What the papers say

The Market May Double

A weekly round up of articles about employment, the labour market, skills training and workforce development. This week’s round up is drawn from The Daily Star. Here is the news for the week ending 19th November 2020.

This Week in the Bangladesh English News…

…Bangladeshi migrant workers wanting Saudi visas are in limbo. This year’s rice harvest is less than usual, although not for the reasons you may expect. And how large is the pharmaceutical sector expected to grow?

Education and Labour Market

Some 34,000 Saudi visa papers are in the “prestamping” stage according to the Bangladesh Association of International Recruiting Agencies (BAIRA). Covid-19 interrupted the issuance of new and renewed Saudi visas for Bangladeshi migrant workers, but last month BAIRA started submitting visa renewal applications to the Saudi Embassy. Fresh migrant workers, however, are experiencing difficulties applying for visas due to a required medical report and police clearance.

Financial Services

The Green Climate Fund (GCF) approved its first loan for Bangladesh, nearly $257 million for the energy efficient technologies in the garment and textile sectors. The funds have been directed to the Infrastructure Development Company Ltd., which is set to distribute the money through three banks and one additional financial institution. The GCF is a fund operating under the United Nations, and according to the GCF, the garment and textile sectors in Bangladesh are the two largest contributors to CO2 emissions.

The government announced a fixed cash-out fee on social safety net funds disbursed through mobile financial services (MFS). For all its social protection programmes, the fee is now fixed at Tk 7 per Tk 1,000. Recently, the Bangladesh government has aimed to increase disbursement of funds through MFS.

Micro businesses, such as vegetable sellers, can now open personal retail accounts according to a new central bank initiative. The Bangladesh Bank said such businesses have special privilege to open a retail account without a trade license, although they must first procure a certificate confirming their profession. The initiative aims to bring digital banking to micro businesses and bring more unbanked people into the formal financial system.

Business, Investments, Trade and Growth

Bangladesh continues to lobby international bodies to extend export duty waivers for its products after the country graduates from least developed country (LDC) status in 2024. The commerce secretary said that they have put forth requests for waivers due to the Covid-19 economic fallout. So far, only the EU has agreed to a continuation of waivers; the EU has said the zero-duty benefit for Bangladesh will continue for three years after LDC graduation.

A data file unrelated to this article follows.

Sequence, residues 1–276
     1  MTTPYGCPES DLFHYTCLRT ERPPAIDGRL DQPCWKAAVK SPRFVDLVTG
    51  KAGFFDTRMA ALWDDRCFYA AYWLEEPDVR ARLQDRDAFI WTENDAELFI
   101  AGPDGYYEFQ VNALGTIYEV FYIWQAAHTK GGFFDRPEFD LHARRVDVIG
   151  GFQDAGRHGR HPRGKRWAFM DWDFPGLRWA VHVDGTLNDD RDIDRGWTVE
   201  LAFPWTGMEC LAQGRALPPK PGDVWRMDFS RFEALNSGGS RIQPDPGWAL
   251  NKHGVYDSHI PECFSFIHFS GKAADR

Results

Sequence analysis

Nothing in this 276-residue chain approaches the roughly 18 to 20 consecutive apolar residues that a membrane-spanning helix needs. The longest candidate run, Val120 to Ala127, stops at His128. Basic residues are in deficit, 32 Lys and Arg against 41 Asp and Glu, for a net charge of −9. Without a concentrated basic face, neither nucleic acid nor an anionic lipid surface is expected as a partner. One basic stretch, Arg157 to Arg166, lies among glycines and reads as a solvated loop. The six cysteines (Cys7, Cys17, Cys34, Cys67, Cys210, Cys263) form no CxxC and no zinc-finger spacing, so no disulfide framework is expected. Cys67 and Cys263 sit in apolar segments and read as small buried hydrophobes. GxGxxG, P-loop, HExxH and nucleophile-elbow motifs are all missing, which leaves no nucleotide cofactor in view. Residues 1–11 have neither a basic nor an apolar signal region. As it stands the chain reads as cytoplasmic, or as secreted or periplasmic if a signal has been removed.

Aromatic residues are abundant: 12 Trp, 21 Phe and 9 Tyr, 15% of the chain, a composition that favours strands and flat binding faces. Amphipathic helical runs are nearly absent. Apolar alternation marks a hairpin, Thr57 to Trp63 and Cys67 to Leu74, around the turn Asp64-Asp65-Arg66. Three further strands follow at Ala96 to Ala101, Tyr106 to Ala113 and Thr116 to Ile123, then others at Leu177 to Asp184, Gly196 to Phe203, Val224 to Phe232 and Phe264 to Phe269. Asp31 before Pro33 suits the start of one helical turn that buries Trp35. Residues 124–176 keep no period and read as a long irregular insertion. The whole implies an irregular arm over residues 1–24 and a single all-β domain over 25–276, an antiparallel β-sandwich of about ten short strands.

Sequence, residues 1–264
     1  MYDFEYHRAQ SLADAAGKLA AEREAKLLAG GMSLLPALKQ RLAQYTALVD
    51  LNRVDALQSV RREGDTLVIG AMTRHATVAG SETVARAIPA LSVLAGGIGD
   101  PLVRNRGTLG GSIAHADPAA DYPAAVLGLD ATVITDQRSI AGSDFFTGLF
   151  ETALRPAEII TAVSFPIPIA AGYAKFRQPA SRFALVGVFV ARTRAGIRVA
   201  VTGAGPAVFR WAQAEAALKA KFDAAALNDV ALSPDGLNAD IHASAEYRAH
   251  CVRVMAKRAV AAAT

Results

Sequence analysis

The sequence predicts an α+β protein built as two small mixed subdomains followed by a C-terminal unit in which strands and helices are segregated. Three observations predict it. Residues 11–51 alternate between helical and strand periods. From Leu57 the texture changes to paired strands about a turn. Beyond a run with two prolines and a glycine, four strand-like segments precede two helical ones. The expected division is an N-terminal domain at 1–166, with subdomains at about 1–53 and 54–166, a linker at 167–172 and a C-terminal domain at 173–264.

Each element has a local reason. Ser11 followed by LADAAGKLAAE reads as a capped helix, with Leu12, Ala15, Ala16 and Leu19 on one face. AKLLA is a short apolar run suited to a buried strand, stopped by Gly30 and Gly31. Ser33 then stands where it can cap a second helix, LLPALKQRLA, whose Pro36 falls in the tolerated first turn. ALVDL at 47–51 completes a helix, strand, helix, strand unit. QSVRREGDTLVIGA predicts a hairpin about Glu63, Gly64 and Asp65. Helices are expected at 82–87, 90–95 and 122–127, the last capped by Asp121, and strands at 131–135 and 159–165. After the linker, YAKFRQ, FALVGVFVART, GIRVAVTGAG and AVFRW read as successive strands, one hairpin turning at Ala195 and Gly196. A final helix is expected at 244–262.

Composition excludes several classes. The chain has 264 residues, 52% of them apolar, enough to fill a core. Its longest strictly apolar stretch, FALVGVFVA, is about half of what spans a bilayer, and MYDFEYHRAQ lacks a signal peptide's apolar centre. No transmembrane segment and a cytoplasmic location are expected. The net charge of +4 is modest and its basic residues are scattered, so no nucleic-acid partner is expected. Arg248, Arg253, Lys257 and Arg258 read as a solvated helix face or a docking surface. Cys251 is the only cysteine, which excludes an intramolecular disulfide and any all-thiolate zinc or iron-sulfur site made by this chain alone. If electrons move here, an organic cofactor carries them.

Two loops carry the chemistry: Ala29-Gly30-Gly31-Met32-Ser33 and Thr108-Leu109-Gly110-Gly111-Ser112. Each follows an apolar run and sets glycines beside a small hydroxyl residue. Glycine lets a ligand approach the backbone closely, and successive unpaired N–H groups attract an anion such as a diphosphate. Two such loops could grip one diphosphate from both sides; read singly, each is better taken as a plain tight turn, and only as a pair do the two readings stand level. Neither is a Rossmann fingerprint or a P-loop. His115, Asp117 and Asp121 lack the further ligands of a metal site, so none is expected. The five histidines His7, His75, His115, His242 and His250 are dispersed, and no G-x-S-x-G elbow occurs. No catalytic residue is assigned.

The pharmaceutical market in Bangladesh is expected to double in a six year period, from $3 billion in 2019 to $6 billion in 2025. Exports were $130 million in 2019 and could reach $450 million in 2025 according to a report by the Irish firm Research and Markets. Their report also said that the market is 90% controlled by Bangladesh companies.

An active pharmaceutical ingredient (API) industrial park is being built to supply API to the growing pharma sector. Currently, the local industry imports $1.3 billion in raw materials every year for pharmaceuticals. “If the API park can become fully functional, it would cater to 50 to 60 per cent of the demand,” said SM Shafiuzzaman, secretary-general of the Bangladesh Association of Pharmaceutical Industries. The government started the industrial park in 2008, and it is expected to be operational within two years.

Farmers and Agriculture

The US Department of Agriculture (USDA) says that 2020-2021 rice production in Bangladesh may fall some 55 million tonnes, amounting to a one percent year-on-year decline. The reasons, according to the the latest Grain and Feed Update on Bangladesh, are not related to the Covid-19 pandemic, but severe weather.

The government is seeking to purchase 50,000 tonnes of rice from international market to increase its supply. Furthermore, Director General Sarwar Mahmud said they will likely seek an additional 50,000 tonnes soon. This year the country has faced reduced yields, rising prices and increased disbursement of rice through social safety net programs and efforts at price stabilization.

Rice reserves in government supply are now at 8.8 lakh tonnes, down from 17 lakh tonnes in July 2019. The government has failed to meet this season’s supply target by about 6 lakh tonnes in part because it set prices below the cost of production. The Agriculture Minister Muhammad Abdur Razzaque said they face a dilemma when procuring rice because they want to give farmers a fair return but also keep prices low for consumers.

Other News

A Bangladeshi teenager won the 2020 KidsRights International Children’s Peace Prize for developing a mobile app that helps young people report cyberbullying and cybercrime. Previous recipients include Malala Yousafzai and Greta Thunberg.

Covid-19 Update: